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Topic: Arduino Yún - Passing USB Keyboard input to Arduino Sketch (Read 304 times) previous topic - next topic

Sammy1596

Hello Forums.

I am sorry for posting, but i have read many threads and did not get it to work, many of them are outdated and wont work anymore due to Updates of OpenWRT...

My Idea:

I got an Arduino YUN because of it's USB Port and the possibility to bridge it over to the 32u4.

I want to connect an external RFID-reader which behaves like a normal keyboard to the USB Host of the Arduino Yun.

(Reader is a TWN3 Legic NFC)




Following the steps from user "sonnyyu", i get at least the output on the SSH terminal.

https://forum.arduino.cc/index.php?topic=314526.0

but i just cant figure out how to pass this value to the 32u4

it seems like the bridge wont work right or im just too dumb to find out how.

the initial plan is that the RFID reader scans the chips identifier key, sends it to the arduino, the arduino will check if this identifier is "allowed" and then change the output of an IO pin.

(Should open a door if chip-reading is correct)


Much time ago i used an MFRC522 that worked well but the reading range is much to short.

So, could anybody help me with this?

Best regards


ShapeShifter

Following the steps from user "sonnyyu", i get at least the output on the SSH terminal.
That's a big step, it seems like you are 90% of the way there.

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but i just cant figure out how to pass this value to the 32u4

it seems like the bridge wont work right or im just too dumb to find out how.
What have you tried already?

While seeing the code you've tried already would be best, it would be helpful to have at least a hint of what you've tried so far. That way we can try to figure out what is going wrong, and give some advice to fix it. There are many ways to do this, and without even a little bit of information, all we can do is guess at you may be having trouble with.

Knowing what you've done tried already would also let us figure out your level of experience - do you just need a basic hit as to what direction to go, or do you need complete step by step instructions?

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the initial plan is that the RFID reader scans the chips identifier key, sends it to the arduino, the arduino will check if this identifier is "allowed" and then change the output of an IO pin.
I would take it one step further. Rather than simply pass the received ID string from the Linux side to the sketch, and making the sketch do all of the work, I would put as much intelligence on the Linux side as possible. Let it figure out whether it is a valid identifier, and just pass the required state of the output pin to the sketch. Then, the sketch just needs to read that information, and control the pin - it becomes a very simple I/O processor.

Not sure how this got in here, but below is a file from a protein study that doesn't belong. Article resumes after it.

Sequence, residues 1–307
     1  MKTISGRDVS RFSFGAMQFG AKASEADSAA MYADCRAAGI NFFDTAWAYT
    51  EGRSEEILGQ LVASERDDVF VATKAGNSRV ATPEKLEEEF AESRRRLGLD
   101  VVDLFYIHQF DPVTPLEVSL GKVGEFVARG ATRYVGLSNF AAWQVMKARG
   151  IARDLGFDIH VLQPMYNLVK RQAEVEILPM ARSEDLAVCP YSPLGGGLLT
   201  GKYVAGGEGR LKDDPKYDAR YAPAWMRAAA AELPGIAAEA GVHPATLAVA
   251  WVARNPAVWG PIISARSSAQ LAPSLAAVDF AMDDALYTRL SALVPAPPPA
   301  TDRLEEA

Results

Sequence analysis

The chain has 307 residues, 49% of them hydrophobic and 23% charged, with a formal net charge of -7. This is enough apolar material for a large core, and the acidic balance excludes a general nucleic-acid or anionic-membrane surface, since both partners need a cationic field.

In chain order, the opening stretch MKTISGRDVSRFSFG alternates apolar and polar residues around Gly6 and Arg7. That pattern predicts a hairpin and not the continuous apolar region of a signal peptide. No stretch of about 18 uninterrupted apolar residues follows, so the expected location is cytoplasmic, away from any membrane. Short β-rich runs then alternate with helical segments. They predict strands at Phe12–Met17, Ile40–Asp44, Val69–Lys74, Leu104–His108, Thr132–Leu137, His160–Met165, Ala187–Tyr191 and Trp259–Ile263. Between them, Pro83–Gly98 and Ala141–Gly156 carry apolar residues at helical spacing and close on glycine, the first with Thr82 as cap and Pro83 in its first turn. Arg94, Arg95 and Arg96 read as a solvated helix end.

My approach would be to write a script in Python (or the language of your choice) that can be run from the Linux command line. You could test this on the command line by reading cards, and having it print the desired command out to the console (simple on/off commands, for example.)

Then, when that is working the way you want, write the sketch- you won't have to make any other changes to the Python code. Use a Process class object to start the Python script, and communicate with it. Anything that the Python script prints to the console output can be read by the script using the Process object - you read from it exactly the same way you would from a serial port. The sketch then decodes the command from the Python script, and controls the outputs accordingly.

You could put just a little bit of intelligence in the script: for example, if you are unlocking a door, it's probably an electromagnetic strike plate, something that needs to be turned on a few seconds and turned off. The Python script could send a command to unlock the door, and the sketch would turn on the output, delay a few seconds, and turn the output off.

When using a Process object to start a Python script, it's important to include the "-u" option in the command line, for example: "python -u rfid_reader.py" because Python normally buffers its output. Without the "-u" option to set unbuffered mode, the Linux side will save up the output from the Python script until there is a substantial amount of data, and then send it all at once. This is not what you want, as soon as the Python script prints something, you want the sketch to be able to see it.

Sammy1596

Hi, sorry for loong delay..

What ive tried was the steps from sonnyyu including Bridge Code and Arduino code that he uploaded.. A couple of days later i asked myself why make it so complicated? Why dont let linux do the work.. Exactly what you wrote..

I want this part to be done with python, but i have to start from zero with it..
thats how it should be (Let the Linux Part do the work and just send on off to arduino)

Thats the stuff im struggling with and thats one of the reasons for the long delay.. Sorry for that.. also had a nice vacation in Spain ^^




Thank you very much for your answer.


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